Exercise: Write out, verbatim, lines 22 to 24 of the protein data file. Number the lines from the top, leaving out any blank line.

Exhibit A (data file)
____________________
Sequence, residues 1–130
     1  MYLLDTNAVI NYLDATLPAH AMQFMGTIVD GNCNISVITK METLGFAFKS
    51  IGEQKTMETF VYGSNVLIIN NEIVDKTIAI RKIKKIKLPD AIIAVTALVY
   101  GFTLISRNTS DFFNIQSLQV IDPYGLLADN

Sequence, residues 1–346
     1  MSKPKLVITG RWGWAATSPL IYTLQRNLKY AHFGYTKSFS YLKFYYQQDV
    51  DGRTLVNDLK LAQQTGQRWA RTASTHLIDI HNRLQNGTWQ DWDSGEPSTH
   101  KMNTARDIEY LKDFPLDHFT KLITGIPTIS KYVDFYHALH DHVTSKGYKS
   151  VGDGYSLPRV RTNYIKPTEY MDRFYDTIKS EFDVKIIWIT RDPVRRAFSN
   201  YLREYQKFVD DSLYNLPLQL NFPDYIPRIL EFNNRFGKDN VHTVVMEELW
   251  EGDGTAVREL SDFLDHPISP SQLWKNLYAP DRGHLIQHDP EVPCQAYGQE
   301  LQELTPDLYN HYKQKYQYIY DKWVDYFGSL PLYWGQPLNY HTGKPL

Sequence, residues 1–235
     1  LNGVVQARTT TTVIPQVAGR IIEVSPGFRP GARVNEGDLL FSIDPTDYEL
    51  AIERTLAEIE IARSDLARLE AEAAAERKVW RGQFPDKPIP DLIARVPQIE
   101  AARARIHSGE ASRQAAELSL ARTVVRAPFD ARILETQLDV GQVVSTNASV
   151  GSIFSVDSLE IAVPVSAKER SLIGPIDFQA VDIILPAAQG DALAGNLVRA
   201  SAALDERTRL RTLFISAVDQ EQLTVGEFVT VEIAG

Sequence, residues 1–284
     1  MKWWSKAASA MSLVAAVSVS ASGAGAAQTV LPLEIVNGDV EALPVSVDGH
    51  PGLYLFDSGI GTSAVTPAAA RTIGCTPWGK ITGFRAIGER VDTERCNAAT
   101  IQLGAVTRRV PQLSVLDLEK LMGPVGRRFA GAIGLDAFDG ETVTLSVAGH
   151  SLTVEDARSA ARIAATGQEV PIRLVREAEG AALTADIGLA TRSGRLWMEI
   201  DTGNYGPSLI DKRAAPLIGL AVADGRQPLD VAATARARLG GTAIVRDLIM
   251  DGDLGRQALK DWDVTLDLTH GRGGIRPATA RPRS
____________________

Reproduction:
   101  IQLGAVTRRV PQLSVLDLEK LMGPVGRRFA GAIGLDAFDG ETVTLSVAGH
   151  SLTVEDARSA ARIAATGQEV PIRLVREAEG AALTADIGLA TRSGRLWMEI
   201  DTGNYGPSLI DKRAAPLIGL AVADGRQPLD VAATARARLG GTAIVRDLIM